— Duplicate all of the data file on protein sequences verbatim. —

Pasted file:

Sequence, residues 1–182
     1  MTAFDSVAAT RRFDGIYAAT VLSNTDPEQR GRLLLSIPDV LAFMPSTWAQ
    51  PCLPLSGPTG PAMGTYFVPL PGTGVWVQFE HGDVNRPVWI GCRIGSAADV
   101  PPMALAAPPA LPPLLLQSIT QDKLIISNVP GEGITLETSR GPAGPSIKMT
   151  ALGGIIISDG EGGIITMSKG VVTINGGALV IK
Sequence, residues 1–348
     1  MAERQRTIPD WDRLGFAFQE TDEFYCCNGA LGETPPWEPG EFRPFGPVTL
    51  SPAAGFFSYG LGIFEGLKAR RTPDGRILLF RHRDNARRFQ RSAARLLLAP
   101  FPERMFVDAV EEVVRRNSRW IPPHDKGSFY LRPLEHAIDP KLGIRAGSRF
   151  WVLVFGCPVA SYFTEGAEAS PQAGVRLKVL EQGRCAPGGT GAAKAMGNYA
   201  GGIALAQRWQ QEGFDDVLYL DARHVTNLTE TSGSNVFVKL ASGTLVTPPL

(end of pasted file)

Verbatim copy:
Sequence, residues 1–182
     1  MTAFDSVAAT RRFDGIYAAT VLSNTDPEQR GRLLLSIPDV LAFMPSTWAQ
    51  PCLPLSGPTG PAMGTYFVPL PGTGVWVQFE HGDVNRPVWI GCRIGSAADV
   101  PPMALAAPPA LPPLLLQSIT QDKLIISNVP GEGITLETSR GPAGPSIKMT
   151  ALGGIIISDG EGGIITMSKG VVTINGGALV IK
Sequence, residues 1–348
     1  MAERQRTIPD WDRLGFAFQE TDEFYCCNGA LGETPPWEPG EFRPFGPVTL
    51  SPAAGFFSYG LGIFEGLKAR RTPDGRILLF RHRDNARRFQ RSAARLLLAP
   101  FPERMFVDAV EEVVRRNSRW IPPHDKGSFY LRPLEHAIDP KLGIRAGSRF
   151  WVLVFGCPVA SYFTEGAEAS PQAGVRLKVL EQGRCAPGGT GAAKAMGNYA
   201  GGIALAQRWQ QEGFDDVLYL DARHVTNLTE TSGSNVFVKL ASGTLVTPPL